In Spring of 2020, known colloquially as ‘lockdown one’, I set about correcting my woeful pop culture knowledge by watching all 23 Marvel Cinematic Universe films, most of them for the first time. With that joyous task well behind me, I am now over the moon that we finally have some new MCU releases coming our way. So My Marvel Diary will continue, reviewing each new chapter of the MCU as it arrives.
MCU Phase: Four
Creator: Jac Schaeffer
Starring: Teyonah Parris, Randall Park, Kat Dennings, Elizabeth Olsen, Paul Bettany
May contain spoilers.
I’m not entirely sure what I thought of this episode of WandaVision. On the one hand, it was exciting to see all that has been going on outside the altered reality of Westview. Yet on the other, I did miss the sitcom conceit and the inherent fun and delightful weirdness that brings. There were a lot of positives to the episode, despite it not being what I expected or particularly wanted it to be. It feels necessary though, to fill in some narrative gaps and introduce a new perspective on all the shenanigans.
Perhaps most disappointing was that there were no great surprises in this episode. Nothing in the ‘real-world’ sequence of events that was especially shocking or intriguing. Instead, it was 30 minutes of confirmations, telling us everything we kind of knew already. We knew Darcy Lewis (Kat Dennings) and Jimmy Woo (Randall Park) would appear, we knew that Teyonah Parris was Monica Rambeau, not ‘Geraldine’, so none of this was a revelation. Then, the basic idea that ‘WandaVision’ is a constructed reality, done at least in part by Wanda, is something we’d all worked out already.
That said, there was a pleasant satisfaction in seeing all our theories played out elegantly on screen: Jimmy calling to Wanda through the radio; the reveal that it was Darcy sat at the desk at the end of Episode One; actually seeing Wanda cast Monica out of Westview. We couldn’t assume any of these things either, so this episode was hardly pointless. With the bigger secrets still kept under wraps, this instalment serves as a good jumping-off point for the business end of the MCU’s first TV show.
Also, as usual with the MCU, what we saw was well-made and well-acted, if not that thrilling this time. It was good to see Parris actually as Monica Rambeau, starting to grow that role into something that feels really significant. With the help of a charismatic performance, Rambeau is a character we can root for, and perhaps in fact the real hero of this show. It’s also good to see Woo back, as Park is an immensely likeable actor and the character never really got a lot to do in the Ant-Man films. Similarly, Dennings provided some of the stronger moments in the generally disappointing first two Thor films as Lewis. The return of these bit-part players also serves to give a warmth and texture to the wider MCU which helps increase audience affection for it.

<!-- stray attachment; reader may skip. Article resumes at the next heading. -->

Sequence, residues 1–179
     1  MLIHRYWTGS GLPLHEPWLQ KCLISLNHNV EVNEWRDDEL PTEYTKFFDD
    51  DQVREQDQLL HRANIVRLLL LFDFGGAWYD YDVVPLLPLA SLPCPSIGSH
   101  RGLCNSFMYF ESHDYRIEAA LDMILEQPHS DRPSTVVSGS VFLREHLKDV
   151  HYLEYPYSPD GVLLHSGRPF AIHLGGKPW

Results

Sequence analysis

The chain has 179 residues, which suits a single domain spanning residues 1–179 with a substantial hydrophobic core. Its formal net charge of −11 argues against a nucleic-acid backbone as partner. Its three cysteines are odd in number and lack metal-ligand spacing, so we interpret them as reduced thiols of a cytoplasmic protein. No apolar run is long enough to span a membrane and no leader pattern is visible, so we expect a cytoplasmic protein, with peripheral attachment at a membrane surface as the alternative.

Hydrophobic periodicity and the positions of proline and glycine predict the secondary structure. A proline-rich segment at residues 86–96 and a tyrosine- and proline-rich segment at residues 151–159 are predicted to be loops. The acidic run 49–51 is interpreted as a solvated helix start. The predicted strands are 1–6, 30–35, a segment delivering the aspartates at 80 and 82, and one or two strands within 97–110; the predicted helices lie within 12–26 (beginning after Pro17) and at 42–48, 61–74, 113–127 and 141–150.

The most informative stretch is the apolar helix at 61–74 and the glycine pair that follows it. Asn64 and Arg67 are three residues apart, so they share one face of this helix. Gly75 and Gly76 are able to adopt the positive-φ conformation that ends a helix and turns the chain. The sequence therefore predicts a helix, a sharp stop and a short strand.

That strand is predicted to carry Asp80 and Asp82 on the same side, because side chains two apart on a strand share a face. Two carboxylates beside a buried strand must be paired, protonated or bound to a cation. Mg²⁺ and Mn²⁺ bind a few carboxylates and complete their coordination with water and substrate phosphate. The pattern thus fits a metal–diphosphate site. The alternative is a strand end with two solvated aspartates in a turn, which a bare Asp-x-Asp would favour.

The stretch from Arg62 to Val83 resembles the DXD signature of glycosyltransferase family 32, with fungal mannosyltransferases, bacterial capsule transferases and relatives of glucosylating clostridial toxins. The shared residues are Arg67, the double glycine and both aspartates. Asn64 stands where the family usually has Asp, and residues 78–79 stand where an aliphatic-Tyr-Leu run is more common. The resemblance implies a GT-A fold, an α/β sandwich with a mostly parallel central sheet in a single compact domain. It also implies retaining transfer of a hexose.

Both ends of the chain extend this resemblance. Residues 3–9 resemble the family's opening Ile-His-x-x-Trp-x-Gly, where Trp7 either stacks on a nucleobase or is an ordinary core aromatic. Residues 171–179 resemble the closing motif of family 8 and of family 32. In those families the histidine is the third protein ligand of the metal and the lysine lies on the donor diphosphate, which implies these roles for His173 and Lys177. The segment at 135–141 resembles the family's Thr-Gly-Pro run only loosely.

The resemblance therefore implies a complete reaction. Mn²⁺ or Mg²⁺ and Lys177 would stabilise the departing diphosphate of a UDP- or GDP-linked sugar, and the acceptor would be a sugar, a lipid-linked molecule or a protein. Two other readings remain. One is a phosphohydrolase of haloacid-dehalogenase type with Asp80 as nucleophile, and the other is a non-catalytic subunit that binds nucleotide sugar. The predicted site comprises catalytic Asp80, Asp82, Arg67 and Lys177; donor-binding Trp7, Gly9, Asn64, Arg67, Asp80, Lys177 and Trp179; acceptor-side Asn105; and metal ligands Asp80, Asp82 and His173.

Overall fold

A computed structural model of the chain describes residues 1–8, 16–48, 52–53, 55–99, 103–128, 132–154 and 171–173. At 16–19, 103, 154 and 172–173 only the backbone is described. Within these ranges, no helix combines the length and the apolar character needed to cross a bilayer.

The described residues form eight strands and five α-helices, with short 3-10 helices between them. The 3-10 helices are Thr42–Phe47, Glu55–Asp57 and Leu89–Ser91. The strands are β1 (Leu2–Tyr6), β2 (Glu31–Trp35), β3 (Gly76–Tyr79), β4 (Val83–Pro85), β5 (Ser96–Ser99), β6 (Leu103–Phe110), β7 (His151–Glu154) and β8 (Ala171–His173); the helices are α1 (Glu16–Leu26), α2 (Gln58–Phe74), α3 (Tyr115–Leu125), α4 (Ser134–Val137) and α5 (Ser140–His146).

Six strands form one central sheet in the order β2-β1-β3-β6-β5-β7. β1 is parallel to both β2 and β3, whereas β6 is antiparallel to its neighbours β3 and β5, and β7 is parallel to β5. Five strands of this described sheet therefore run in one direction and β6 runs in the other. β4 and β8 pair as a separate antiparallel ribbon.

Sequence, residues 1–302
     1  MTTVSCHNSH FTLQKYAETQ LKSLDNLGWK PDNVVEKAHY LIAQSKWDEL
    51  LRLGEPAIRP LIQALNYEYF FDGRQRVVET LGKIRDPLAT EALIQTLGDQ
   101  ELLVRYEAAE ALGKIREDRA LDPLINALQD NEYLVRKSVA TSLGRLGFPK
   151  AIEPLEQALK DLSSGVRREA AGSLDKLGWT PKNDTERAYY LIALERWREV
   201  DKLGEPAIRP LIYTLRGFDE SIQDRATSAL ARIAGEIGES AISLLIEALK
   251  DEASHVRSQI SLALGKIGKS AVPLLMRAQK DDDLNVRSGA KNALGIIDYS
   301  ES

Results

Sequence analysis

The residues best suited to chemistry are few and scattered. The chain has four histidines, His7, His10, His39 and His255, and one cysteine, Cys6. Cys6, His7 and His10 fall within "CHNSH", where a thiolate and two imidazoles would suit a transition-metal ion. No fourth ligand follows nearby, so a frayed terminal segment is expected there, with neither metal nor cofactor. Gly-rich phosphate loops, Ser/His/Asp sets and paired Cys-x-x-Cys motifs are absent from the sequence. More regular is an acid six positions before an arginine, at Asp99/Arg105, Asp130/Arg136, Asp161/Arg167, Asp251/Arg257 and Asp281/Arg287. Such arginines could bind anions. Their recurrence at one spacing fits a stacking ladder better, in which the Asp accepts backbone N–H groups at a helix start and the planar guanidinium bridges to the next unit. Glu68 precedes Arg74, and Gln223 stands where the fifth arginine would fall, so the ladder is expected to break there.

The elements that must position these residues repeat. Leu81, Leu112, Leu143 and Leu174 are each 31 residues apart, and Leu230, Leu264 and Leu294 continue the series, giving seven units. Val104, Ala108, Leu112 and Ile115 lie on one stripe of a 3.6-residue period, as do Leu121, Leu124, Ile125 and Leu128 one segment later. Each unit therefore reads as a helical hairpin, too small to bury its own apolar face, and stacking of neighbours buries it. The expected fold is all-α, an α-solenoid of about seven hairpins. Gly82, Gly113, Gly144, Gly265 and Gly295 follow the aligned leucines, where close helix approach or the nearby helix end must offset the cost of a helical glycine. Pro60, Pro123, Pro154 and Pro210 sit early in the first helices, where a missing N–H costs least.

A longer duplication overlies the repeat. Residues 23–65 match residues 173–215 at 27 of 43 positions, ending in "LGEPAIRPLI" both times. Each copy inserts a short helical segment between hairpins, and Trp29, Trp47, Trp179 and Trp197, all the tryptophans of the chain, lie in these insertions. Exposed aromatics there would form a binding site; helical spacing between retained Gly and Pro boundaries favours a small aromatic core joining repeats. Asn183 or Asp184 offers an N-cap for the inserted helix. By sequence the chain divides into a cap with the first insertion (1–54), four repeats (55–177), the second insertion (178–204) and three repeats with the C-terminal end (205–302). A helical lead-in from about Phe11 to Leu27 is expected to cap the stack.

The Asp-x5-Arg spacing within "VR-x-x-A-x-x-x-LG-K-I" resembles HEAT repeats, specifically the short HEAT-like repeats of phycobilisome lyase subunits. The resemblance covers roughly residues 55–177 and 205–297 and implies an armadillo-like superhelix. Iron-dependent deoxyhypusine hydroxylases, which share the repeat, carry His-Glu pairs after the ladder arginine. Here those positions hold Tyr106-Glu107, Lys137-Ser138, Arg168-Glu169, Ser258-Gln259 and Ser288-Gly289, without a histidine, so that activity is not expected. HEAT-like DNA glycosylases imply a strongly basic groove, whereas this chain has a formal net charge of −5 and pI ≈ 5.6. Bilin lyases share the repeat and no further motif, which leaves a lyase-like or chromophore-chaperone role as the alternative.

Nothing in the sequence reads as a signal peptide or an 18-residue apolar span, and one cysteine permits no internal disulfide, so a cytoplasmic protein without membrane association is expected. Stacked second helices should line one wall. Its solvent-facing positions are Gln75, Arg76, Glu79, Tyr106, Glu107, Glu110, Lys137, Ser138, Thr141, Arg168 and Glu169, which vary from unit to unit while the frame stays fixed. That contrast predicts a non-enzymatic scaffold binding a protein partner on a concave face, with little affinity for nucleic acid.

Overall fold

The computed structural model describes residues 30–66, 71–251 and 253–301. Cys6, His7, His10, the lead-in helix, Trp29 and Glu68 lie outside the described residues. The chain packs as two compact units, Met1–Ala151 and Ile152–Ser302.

There were a couple of intriguing reveals here, too, most notably perhaps that Jimmy Woo initially discovered Westview because he had someone in witness protection over there. At first I thought this could just be Wanda, but he referred to a ‘he’, and therefore I’m left wondering who the mystery man is. Then there’s the brief reveal that S.W.O.R.D. is not Sentient World Observation and Response Department as in some of the comics, but the potentially more nefarious-sounding Sentient Weapon Observation and Response Department. You sense that S.W.O.R.D. could play a massive role going forwards, so this is a significant detail.
By far the stand-out moment of the half-hour though was when we briefly joined Wanda and Vision back in their sitcom reality. One shot of vision essentially dead, with his head all grey and a rather large dent in there too, was both shocking and of vital importance. It is a reminder that Vision is dead and that Wanda knows this deep down. It is further evidence of her control over the altered reality and that this control is slipping away. Then, when we see the vengeful, darker side of Wanda fling Monica into another world, the importance of Wanda as a character is underlined yet again. Her enormous power could be key to the MCU’s future, and she might not always be a ‘goodie’ either.